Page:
When I interviewed Mark Gardener a year or so ago, one of my confused fanboy questions was whether the songs on Nowhere named after animals were deliberately done so... whilst I obviously wasn't quite thinking straight for questions, because the two songs aren't really in any way connected, Polar Bear and Seagull were ripped through back to back next, Polar Bear showing off majestic, serene psych band Ride, and Seagull showcased the bands roaring Sonic Youth sounds and absolutely scouring pedal-driven noise. Sure, the majestic sound Ride had 20 years ago sounds just as beautiful today, but really, they're at their best when they're really, really going for it. Black Nite Crash, Time of her time and Taste were mid-set highlights that got the passionate crowd really going, whilst sounding cleaner and more aggressive than their album counterparts.

The reason though, for me, that Ride's comeback shows have got such acclaim, is the sonic development on a few of their songs. With the technological innovations (well, new pedals, and stuff - when I saw them in Oxford, Mark, Steve & Andy had over 50 between them) that weren't there in 1990, songs like Dreams Burn Down take on an even more aquatic, spaced out quality that makes standing there listening to them being like standing in the sea on a hot summer's day. DIIV and the like might be going for that sound, but Ride are the masters of it.

The song that got the best reaction, maybe obviously though, was the eternally perfect glacial pop song Vapour Trail, which is really the closest to a Smells Like Teen Spirit or Love Will Tear Us Apart that Ride have. When they played it, grown men cried, and grown women cried, and uhhh, there weren't really any children there because it was 18+, but they'd have cried too. It's beautiful chord progression and Andy Bell's delicate little voice meant that even Field Day goers who'd maybe been checking Ride out and hearing them for the first time were stood in absolute awe.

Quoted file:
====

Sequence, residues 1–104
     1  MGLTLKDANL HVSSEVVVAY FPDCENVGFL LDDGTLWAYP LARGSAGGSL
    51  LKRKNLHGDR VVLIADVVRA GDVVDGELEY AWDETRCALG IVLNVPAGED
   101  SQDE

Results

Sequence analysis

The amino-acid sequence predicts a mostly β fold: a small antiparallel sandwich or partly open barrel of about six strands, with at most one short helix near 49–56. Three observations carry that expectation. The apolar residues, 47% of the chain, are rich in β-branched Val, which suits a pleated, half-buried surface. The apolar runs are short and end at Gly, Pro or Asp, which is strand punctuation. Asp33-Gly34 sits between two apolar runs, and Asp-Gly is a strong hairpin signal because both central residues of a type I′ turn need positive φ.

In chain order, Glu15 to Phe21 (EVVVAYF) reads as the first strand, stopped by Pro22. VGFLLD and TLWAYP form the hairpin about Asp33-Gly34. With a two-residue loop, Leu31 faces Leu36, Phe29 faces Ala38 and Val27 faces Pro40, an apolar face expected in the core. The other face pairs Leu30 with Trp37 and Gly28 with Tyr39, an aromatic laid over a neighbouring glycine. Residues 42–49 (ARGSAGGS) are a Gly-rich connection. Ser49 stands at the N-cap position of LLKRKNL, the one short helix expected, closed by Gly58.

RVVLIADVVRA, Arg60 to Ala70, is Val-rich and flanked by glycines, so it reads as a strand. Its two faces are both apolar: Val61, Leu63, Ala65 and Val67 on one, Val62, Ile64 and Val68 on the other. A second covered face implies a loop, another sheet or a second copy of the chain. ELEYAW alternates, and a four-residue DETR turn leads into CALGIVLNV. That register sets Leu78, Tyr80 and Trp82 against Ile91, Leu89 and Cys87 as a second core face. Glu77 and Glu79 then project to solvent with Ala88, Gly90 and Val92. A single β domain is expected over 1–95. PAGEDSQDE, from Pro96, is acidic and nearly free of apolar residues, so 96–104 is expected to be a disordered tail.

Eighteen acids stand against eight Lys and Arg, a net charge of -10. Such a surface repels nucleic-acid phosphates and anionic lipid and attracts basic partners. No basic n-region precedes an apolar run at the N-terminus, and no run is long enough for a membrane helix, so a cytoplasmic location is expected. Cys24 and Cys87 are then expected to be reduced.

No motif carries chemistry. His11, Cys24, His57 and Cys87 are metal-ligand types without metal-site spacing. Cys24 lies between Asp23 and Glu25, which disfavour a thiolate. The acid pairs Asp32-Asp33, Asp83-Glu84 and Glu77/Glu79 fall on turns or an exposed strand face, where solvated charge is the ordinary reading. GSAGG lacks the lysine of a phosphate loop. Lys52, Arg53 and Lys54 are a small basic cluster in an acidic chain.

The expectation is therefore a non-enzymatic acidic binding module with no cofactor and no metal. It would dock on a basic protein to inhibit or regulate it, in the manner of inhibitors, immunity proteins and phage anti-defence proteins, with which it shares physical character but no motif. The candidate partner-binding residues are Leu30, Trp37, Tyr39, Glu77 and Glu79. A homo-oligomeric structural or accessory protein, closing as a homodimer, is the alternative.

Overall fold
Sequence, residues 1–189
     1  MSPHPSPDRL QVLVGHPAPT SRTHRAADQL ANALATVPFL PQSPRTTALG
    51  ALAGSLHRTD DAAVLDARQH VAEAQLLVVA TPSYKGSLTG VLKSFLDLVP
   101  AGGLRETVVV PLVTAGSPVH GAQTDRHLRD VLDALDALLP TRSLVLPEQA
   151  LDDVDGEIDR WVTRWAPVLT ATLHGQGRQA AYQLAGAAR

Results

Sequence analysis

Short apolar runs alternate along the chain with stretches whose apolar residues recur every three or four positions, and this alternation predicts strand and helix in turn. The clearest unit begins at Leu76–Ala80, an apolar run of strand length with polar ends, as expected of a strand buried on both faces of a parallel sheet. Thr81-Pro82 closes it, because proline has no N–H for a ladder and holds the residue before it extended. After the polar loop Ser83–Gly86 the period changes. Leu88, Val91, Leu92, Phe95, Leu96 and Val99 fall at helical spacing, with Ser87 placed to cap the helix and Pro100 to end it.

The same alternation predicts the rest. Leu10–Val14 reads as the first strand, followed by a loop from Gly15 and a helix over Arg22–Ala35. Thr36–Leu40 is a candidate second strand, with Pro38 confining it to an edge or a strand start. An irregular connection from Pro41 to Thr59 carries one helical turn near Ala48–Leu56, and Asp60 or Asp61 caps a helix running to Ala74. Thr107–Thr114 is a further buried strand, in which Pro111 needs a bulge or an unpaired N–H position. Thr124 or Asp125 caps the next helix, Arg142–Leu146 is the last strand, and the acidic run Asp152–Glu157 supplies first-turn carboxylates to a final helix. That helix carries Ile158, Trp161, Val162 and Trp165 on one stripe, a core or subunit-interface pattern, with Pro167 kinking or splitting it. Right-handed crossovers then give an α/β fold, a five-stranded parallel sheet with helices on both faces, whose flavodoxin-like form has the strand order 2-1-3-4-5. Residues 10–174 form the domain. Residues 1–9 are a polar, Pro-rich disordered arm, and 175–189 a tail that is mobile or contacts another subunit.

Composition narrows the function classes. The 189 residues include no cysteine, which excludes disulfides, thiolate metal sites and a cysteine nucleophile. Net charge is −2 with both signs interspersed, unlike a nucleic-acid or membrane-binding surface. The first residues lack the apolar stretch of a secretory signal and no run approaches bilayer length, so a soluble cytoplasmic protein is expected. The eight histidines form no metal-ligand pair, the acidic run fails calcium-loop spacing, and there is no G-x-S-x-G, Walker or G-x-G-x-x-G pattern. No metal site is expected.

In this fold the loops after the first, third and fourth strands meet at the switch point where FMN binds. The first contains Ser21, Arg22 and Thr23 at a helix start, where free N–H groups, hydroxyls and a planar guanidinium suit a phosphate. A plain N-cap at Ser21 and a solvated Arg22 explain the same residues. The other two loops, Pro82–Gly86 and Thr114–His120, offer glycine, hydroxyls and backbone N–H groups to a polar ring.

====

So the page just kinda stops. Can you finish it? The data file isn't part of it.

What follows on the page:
Ride completely gripped the audience all the way through, time zipped by quickly, but they were at their most enthralling at the very end. Drive Blind is a banger anyway, but in a live environment, it takes on a beautiful Swans-esque holocaust section that is a 5 minute blast of gorgeous white noise. It's an absolute extreme of what guitars can do, and even in the open air it sounded beyond amazing. "That's dedicated to the Valentines", noise-monger in chief Andy Bell added after the song, before the band quickly broke into penultimate song, Going Blank Again album track Mouse Trap. The band closed their triumphant headline set with the track that really started it all; track 1 side 1 on their debut EP, and song 16 of 16 at Field Day, Chelsea Girl's thumping Steve Q bassline, extreme pedal-power, and some of Loz Colbert's finest drumming made it a stunning close; starting like a bit of a jangle-pop footnote, it spiralled out of control as Andy and Mark's guitars stepped it up a gear and the entirety of Victoria Park was awash in a blanket of thrashy reverb. It build up, and up, until after it's fuzzy climax, when the noise faded away, and Mark Gardener remarked "this has been one of the best shows of our lives, thank you so much" (or something like that), and the Oxford band walked off full of gratitude to the cheers of an elated crowd. Following Patti was a tough act, obviously, but instead of making me wanna go 'oooh Patti was best! No Ride were!' I've just come to the conclusion that the last 4 hours were the best four hours of my life.

Photo: Getty

SO YES, Field Day was an absolute triumph; it felt like an actual festival, and the sound was mostly spot on all weekend. Although the clashes were heartbreaking, I can't explain my gratitude to Field Day Fest for bringing me this oppurtunity to see Ride and Patti Smith and DIIV and Mac and Jane and all the rest. All the best guitar music in the world, in one place, for a reasonable price. Thank you Field Day, thank you.

On a final note: Who was best? Here's a highly scientific graph to show you my sorta thoughts




(WRITTEN BY CALUM CASHIN)